Then when the steepness resumes, you just settle back into the groove you were in for the last few tenths of a mile of the race. This last bit isn’t any steeper than the first 2.5 miles, but almost everybody thinks it is. This is because most riders recover on the downhill, then attack the last steep part. You will almost immediately hit deflection and have to back down. This is unfortunate, as the race is almost over. Most years I have done Ascutney, I have passed riders in the last few tenths. They are unable to respond because they peak on the initial steep part approaching the finish.

Weight Worries

Cyclists in general, hill climbers in particular, obsess over the weight of their bikes. Much of this obsession has little bearing on results. It has more to do with bragging rights, you know, “My bike weighs 65.17 grams less than your bike!” You quickly reach a point with the current technology where each additional gram saved costs more and more. To get to 15 pounds, you’ll easily be spending $2 per gram of saved weight. Want to take a pound off? That’s over $900! You can buy a decent bike for that.

Ironically, lighter components often break easier and wear out faster. You factor in that you are paying 2-4x as much for them and they last half as long, that’s like paying 4-8x more than standard componentry over the life of the bike. So when does weight matter? If you are at the edge of placing in a category AND you are about as lean as you can be, then maybe taking a pound off your bike would matter. Everything discussed above is far more important than the weight of your bicycle.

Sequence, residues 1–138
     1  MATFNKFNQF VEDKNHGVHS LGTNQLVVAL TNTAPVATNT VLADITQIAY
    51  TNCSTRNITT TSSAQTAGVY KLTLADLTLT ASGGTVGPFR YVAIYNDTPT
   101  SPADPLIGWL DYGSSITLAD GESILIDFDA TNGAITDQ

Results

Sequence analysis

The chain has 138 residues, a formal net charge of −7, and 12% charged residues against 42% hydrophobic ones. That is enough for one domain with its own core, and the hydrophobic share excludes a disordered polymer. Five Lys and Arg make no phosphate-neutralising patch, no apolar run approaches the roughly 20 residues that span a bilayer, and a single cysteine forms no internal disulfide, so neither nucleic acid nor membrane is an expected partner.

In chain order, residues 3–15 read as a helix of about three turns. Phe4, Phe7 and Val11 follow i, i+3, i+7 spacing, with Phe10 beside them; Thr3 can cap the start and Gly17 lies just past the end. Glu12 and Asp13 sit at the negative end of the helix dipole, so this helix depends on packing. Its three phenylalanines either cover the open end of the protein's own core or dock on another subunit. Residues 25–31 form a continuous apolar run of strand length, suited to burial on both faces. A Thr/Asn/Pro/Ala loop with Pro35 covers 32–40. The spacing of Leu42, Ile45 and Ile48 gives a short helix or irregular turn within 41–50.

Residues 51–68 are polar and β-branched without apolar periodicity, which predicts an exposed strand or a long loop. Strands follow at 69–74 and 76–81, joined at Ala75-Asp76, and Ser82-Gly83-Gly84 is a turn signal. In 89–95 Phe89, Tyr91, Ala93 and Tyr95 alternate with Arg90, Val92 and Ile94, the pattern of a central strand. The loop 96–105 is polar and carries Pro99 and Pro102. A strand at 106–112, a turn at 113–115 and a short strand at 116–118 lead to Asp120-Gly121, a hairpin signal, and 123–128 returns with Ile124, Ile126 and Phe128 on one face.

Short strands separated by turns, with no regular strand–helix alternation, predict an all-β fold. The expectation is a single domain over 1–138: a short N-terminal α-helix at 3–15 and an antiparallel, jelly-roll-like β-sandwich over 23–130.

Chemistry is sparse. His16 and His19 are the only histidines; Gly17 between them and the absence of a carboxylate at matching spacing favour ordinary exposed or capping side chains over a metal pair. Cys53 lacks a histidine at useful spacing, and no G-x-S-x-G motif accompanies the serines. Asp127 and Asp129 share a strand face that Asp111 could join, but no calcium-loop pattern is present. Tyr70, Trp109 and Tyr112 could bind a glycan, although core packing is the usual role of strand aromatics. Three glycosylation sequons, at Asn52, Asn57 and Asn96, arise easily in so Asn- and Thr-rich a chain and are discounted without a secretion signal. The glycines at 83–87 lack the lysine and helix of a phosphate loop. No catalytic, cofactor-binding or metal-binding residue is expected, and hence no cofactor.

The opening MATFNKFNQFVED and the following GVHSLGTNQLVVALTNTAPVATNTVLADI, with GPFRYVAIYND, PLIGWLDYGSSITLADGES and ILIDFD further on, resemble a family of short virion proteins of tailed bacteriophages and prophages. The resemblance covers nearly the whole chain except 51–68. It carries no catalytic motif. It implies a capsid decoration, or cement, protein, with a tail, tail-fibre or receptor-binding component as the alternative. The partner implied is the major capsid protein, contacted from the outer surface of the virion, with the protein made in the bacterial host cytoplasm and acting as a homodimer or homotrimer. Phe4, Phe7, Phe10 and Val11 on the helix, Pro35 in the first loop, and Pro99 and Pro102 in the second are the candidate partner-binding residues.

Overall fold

In my experience, reducing bodily weight was far more effective in improving climbing ability than improvements in bike technology. I can only speculate on some of the reasons behind this. I weighed 230 pounds (104 kg) when I began cycling in 2006. In a couple of years, I was down to around 175-180 pounds. I still wasn’t a good hillclimber. But when I shed another 15 pounds, I noticed a profound improvement in climbing ability and in sustained power in general.

This was a disproportionate improvement, in that I lost only 8% weight, but seemed to gain 20% in performance. Carrying weight on your body is not the same as carrying weight on your bike, or in a backpack, etc. Body tissue consumes resources like oxygenated blood. True, fat consumes very little resources compared to vital organs such as your brain, but your heart must work to pump blood through it.

Excess fat makes you overheat more easily too. For these reasons, lose the flab before investing in a titanium screw kit for your bike. It is a healthy thing to do. You’ll feel better about yourself all year long losing another pound than you will by taking grams off your hill climb bike, which likely will hang in the garage most of the year.

Many hill climb events offer Clydesdale and Philly categories. Large athletes, even large lean athletes, are at a power to weight ratio disadvantage. They can put out more power, but not enough more to make up for the excess weight. The fastest climbers tend to be thin as rails. I believe Tom Danielson was 129 pounds at 5’ 10” when he set the Mt Washington record.

Even though Tom might put out less power than many of the bigger climbers on Mt Washington, his power to weight ratio was astounding. Finishing time is determined almost purely by a rider’s sustainable power to weight ratio. If you do tip the scale into the Clyde or Philly category and are well-conditioned, hillclimbing can still be a fabulously rewarding experience. Don’t be intimidated by it.

Gearing

There seems to be this irrational fear of gearing a bike too low. Really, gearing a bike too low means you run out of big gears. I have never heard of this happening on hill climbs. I have heard over and over again, “next year I’m going to gear lower.” Cyclists come back the following year with lower gearing and take minutes off their time. Since most road bikes are sold with 39/53 by 11/23 gears, why can’t there be a standard gear set for all Mt. Washington hillclimbers? When I ponder these questions, five categories of this topic come to mind.